New Hampshire Keene councilors clear the way for voters to decide on keno


Keene councilors clear the way for voters to decide on keno

Keene voters will get another chance to decide whether to allow keno in the city.

The City Council voted 9-3 Thursday to place a question on the ballot during local elections in November asking residents if keno should be allowed in city bars.

Voting yes were Councilors Bettina A. Chadbourne, Randy L. Filiault, Mitchell H. Greenwald, George S. Hansel, Stephen L. Hooper, Gary P. Lamoureux, Janis O. Manwaring, Thomas F. Powers and David C. Richards.

Councilor Carl B. Jacobs was absent.

Councilors Terry M. Clark, Philip M. Jones and Robert S. Sutherland dissented.

Clark said he’s “firmly against” bringing the bingo-like electronic game to Keene. He pointed to the measure’s failure in 2017, when Elm City voters shot down keno by a 2-1 margin, as evidence that residents feel the same way.

“So I think placing it back on the ballot again is a nuisance and I would recommend not placing it on the ballot,” Clark said.

N.H. Lottery Director Charles McIntyre asked councilors to put the question to voters again and appeared before a committee July 13 to advocate for it.

State lawmakers legalized keno in the summer of 2017 but left it up to cities and towns to approve it within their borders. Eighty-four communities have done so, including the area towns of Charlestown, Fitzwilliam, Hinsdale, Jaffrey, Swanzey, Troy and Winchester.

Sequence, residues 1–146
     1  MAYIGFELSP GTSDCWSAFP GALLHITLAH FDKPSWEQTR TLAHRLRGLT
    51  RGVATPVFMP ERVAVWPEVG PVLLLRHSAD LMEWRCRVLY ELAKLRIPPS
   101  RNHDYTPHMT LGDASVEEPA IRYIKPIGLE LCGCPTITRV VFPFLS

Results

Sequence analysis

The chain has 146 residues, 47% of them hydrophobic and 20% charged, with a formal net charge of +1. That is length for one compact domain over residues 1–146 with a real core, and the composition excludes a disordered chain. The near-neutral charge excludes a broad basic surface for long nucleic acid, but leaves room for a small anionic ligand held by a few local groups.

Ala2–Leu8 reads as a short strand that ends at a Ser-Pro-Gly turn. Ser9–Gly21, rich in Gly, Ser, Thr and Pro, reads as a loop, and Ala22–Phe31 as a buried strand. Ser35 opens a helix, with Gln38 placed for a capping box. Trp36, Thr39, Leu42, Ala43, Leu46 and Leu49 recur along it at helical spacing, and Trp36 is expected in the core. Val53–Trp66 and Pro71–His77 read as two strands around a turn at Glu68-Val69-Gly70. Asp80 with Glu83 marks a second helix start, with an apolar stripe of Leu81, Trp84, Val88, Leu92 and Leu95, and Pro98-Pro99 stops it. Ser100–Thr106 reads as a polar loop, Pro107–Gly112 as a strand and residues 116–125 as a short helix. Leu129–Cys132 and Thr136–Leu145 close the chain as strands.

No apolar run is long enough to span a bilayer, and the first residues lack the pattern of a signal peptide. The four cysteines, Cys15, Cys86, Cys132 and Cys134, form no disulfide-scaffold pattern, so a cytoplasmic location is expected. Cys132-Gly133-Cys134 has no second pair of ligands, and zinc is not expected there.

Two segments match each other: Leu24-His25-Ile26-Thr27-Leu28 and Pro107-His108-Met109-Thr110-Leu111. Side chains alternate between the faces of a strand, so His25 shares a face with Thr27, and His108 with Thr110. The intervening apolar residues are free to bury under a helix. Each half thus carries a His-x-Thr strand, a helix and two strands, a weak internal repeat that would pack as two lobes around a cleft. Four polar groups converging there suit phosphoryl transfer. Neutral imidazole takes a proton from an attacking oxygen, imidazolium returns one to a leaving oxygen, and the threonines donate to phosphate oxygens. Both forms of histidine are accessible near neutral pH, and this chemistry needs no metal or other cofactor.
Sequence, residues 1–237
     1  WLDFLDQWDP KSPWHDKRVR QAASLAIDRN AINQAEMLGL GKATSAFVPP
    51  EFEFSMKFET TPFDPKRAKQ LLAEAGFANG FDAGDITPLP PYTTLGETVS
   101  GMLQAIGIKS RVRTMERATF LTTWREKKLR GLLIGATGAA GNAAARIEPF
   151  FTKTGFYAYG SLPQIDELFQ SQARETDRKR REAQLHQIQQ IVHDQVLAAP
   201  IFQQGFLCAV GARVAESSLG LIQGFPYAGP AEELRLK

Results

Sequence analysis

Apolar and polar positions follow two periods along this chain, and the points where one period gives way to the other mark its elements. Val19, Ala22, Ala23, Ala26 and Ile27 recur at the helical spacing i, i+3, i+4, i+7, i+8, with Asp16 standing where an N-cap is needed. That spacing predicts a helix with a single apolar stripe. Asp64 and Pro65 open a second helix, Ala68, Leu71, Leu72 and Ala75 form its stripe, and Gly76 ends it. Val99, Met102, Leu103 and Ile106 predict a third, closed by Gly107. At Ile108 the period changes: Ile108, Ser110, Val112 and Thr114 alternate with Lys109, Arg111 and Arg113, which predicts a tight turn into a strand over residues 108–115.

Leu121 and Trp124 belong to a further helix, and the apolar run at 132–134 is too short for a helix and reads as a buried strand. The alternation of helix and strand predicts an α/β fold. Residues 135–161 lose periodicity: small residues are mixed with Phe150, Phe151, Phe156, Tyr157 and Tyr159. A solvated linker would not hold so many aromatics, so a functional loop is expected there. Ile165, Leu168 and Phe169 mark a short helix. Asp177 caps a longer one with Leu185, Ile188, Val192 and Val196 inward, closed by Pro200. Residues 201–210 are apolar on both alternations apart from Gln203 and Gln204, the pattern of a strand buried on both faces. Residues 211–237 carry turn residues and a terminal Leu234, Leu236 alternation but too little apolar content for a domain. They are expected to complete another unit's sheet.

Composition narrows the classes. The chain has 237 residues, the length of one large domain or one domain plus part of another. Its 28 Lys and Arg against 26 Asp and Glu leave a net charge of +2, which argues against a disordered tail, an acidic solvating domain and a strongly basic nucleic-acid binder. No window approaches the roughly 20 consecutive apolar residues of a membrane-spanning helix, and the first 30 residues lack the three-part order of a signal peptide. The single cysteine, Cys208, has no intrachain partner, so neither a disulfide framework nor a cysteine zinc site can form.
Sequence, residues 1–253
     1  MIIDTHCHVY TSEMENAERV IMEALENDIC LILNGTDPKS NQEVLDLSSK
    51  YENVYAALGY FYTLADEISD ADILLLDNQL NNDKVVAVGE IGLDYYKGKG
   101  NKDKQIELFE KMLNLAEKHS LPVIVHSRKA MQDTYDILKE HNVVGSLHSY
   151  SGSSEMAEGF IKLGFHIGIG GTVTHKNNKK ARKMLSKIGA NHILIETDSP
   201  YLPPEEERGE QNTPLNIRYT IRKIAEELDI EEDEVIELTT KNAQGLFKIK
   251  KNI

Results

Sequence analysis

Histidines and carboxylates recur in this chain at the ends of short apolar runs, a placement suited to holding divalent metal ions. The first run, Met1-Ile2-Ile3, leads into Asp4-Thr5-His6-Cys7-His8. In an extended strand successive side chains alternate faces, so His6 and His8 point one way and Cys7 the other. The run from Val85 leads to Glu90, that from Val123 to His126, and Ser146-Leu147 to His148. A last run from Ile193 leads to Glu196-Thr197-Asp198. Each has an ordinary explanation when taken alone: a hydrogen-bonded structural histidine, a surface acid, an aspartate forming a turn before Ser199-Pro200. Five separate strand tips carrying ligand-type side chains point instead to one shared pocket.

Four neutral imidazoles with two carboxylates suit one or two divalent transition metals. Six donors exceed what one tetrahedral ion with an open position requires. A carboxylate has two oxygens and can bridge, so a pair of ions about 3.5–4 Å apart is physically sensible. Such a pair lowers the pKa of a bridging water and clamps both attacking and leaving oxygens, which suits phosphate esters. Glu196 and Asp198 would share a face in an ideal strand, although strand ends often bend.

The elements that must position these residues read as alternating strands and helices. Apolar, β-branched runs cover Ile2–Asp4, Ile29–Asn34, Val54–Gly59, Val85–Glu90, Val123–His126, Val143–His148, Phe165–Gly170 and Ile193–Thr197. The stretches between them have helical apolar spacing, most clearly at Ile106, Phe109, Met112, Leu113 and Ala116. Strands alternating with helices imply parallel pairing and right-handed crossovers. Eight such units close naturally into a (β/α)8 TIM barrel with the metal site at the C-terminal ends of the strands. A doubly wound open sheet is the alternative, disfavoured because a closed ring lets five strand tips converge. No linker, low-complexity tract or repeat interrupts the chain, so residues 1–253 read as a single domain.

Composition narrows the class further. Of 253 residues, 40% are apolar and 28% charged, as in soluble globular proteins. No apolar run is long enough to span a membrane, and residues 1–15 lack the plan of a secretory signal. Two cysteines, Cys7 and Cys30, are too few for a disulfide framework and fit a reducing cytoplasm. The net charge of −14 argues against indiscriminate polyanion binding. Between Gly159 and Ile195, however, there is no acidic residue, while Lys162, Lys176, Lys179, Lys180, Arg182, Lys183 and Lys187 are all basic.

A business with a liquor license pays a $500 annual fee to host keno and keeps 8 percent of the proceeds from their games. Another 1 percent of the revenue goes to the N.H. Department of Health and Human Services “to support research, prevention, intervention, and treatment services for problem gamblers,” according to state statute.

Most of what’s left is deposited into an education trust fund and used to raise funding for full-day kindergarten programs, which started this past fiscal year, by $1,100 per student. If revenues are sufficient, that will gradually increase to $1,800 in subsequent years.

Every community receives the increase in education funding, regardless of whether it approved keno.

Supporters of the law tout that it’s an alternative way to bring more funds into education while potentially easing the burden on local taxpayers.

But Sutherland argued that using gambling to raise tax revenue exploits people who are “down on their luck” and get caught in a loop of trying to win back their money.

“Gambling is an addiction, and I don’t think we should support it,” he said.

Other councilors asserted that their opinion on the matter isn’t relevant — the question is whether to allow residents to decide.

Filiault said keno isn’t something he would likely partake in, but noted that the state rarely gives municipalities the authority to determine things for themselves. If state lawmakers are letting the residents vote, he said, councilors shouldn’t impede that.

Hansel agreed.
“I don’t know where exactly to fall on this keno thing myself, but I think that putting it to voters, however it’s voted on … that’s gonna communicate the message much stronger than the 15 of us blocking it here,” Hansel said.

Residents can attend a public hearing slated for Oct. 17 to learn more about the ballot measure.